Sunday, 15 July 2012

How far would you go for a supermarket?

So, we have reached a little bit of a crisis point in life and are tightening our belts, as are many people right now. An area where we can definitely save money is food. This doesn't distress me in theory, as I know I can provide cheap tasty food  but it does bring into sharp focus a couple of issues that are annoying me.

I live in a small village near a small town surrounded by other small towns. There are three larger towns within 45 minutes drive. Our nearest food shops are five miles and the largest of those is a small Co-operative. Otherwise, there is a Spar, a weekly market, a bakers, a butchers and a few speciality shops. I shop using a mixture of these shops. I like local shopping.

When it became clear that we needed to cut back substantially, I began to take more notice of exactly what our food cost. I was horrified.  I love the Co-operative in general as I like their ethics but I am aware they are more expensive and this store in particular is pushing the boundaries of acceptable expense. No point moving to the Spar as that is a convenience store and with a few exceptions is no cheaper than Co-op. We don't need the butchers any more, and I use our breadmaker for bread so that leaves the weekly market. 

I know from doing food for the pub that fresh vegetables and fruit, like all food, have gone up in price. I think I can get my food cheaper at the weekly market than at Co-op, though it varies from food to food and I haven't done a detailed comparison because it's just too daunting, with four stalls to compare. The downside to the market is it's only once a week and with the quantities of veg we get through (it's our mainstay) I need to shop twice a week really.

So what's my plan? Well, the nearest larger supermarket is 1 1/2 hours round trip away so the petrol is not inconsiderable. Also, I don't want to do this once a week let alone twice. I have no reason to visit these towns on a regular basis other than food shopping. None of them deliver to us so that's not an option. However, when I did a shop recently in one of them I estimated that it was at least a third cheaper than a comparable shop at our Co-operative. A third! Shocking. And that's without buying the very cheapest own brand items every time.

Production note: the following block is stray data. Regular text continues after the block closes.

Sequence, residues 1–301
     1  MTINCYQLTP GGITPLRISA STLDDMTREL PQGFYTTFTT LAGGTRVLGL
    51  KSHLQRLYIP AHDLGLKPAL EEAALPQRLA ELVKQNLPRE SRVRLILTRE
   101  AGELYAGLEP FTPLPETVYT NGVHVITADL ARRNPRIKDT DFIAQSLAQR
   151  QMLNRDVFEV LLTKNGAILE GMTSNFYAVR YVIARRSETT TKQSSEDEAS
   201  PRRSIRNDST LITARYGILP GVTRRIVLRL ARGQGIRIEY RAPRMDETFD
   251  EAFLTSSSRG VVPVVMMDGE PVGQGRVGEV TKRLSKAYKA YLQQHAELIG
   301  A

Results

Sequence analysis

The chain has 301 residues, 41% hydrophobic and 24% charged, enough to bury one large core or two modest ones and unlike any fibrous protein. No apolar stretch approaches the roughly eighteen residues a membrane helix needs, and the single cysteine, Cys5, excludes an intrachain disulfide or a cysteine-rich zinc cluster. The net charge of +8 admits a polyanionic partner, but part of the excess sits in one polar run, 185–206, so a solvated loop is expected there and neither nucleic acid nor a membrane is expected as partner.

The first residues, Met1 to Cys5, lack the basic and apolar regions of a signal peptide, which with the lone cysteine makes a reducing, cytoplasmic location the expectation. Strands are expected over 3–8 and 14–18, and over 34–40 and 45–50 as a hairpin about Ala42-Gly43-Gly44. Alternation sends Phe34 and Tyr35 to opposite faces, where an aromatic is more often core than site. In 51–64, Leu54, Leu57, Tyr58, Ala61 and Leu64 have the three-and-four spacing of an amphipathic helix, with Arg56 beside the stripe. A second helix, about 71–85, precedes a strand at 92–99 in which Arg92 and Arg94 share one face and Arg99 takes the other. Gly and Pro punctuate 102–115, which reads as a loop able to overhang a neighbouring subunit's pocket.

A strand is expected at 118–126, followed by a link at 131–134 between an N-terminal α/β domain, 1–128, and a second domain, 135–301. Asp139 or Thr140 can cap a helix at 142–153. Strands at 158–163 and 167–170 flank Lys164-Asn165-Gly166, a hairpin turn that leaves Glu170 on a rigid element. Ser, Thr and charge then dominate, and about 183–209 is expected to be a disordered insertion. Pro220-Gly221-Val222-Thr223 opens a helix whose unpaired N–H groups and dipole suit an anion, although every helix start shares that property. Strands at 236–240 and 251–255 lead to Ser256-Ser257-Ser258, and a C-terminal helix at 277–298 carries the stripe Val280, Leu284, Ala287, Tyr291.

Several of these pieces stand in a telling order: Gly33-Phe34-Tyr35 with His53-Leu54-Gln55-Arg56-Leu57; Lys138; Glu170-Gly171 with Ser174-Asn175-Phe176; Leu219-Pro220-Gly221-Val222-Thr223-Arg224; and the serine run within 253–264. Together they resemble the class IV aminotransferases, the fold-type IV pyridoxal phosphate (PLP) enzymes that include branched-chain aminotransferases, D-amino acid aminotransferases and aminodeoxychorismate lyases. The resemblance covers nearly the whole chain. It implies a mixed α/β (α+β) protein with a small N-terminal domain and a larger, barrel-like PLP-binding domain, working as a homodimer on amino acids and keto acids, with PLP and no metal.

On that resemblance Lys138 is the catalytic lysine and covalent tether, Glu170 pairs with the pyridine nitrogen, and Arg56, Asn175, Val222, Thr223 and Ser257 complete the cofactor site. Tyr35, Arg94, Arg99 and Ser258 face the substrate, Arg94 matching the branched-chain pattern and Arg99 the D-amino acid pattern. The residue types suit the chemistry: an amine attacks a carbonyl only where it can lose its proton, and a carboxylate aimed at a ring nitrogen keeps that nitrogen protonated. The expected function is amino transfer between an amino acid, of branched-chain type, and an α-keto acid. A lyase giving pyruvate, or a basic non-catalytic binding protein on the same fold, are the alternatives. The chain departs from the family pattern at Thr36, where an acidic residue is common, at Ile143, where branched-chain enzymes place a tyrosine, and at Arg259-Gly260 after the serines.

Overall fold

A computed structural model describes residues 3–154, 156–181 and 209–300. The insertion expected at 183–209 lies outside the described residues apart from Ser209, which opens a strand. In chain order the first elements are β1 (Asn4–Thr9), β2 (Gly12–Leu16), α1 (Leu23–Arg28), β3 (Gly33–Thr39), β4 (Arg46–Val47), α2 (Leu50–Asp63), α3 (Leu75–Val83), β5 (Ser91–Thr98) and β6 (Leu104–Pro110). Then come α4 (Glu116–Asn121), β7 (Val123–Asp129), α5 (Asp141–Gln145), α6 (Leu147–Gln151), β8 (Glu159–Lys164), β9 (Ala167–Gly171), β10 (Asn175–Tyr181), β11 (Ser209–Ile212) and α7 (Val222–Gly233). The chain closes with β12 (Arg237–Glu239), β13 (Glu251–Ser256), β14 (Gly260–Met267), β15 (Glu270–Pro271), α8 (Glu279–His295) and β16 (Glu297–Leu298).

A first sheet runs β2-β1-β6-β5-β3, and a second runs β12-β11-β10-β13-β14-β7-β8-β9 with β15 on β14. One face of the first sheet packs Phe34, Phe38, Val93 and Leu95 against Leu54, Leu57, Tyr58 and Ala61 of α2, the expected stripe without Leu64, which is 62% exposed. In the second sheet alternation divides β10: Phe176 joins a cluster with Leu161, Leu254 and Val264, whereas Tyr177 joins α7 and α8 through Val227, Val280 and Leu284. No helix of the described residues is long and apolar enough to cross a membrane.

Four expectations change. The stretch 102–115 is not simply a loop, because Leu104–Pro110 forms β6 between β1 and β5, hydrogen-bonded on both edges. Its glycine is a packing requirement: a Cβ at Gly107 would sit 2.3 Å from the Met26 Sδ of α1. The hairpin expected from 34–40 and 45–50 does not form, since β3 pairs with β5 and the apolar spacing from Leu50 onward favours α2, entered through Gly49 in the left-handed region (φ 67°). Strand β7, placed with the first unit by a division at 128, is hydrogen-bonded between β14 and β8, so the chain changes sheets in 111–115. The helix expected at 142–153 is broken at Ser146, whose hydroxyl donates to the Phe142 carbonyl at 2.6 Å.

I've decided to do a dry goods shop occasionally, hopefully no more than once a month once I am used to it. Since I generally see my parents at least once a month, and they live 1 1/2 hours away close to the English border where there are supermarkets at every turn, I am doing on online order using MySupermarket and getting the cheapest supermarket to deliver to my parents house. The shopping stays there until we see them. Isn't that mad?

For now I can't see a better solution to my fresh food issue than the weekly market topped up by Co-op or anywhere better I happen to pass on trips out. I will just have to get much more savvy on prices so I can compare as I go along. I buy as much as possible in season which helps.

As for the luxury items, or the buy on the spur of the moment items, I stick to my list and that's pretty much that. I also meal plan now which is so useful. We do have to buy a few plant diet specific items such as ground flaxseed and seaweed and I like to make sure the babe has things like avocado and a variety of nut butters regularly but these are low-use items so their initial higher cost is stretched quite far.

I love living where I do and I relish the remoteness, and I'm lucky I have my parents close enough by that this weird system is actually quite practical.

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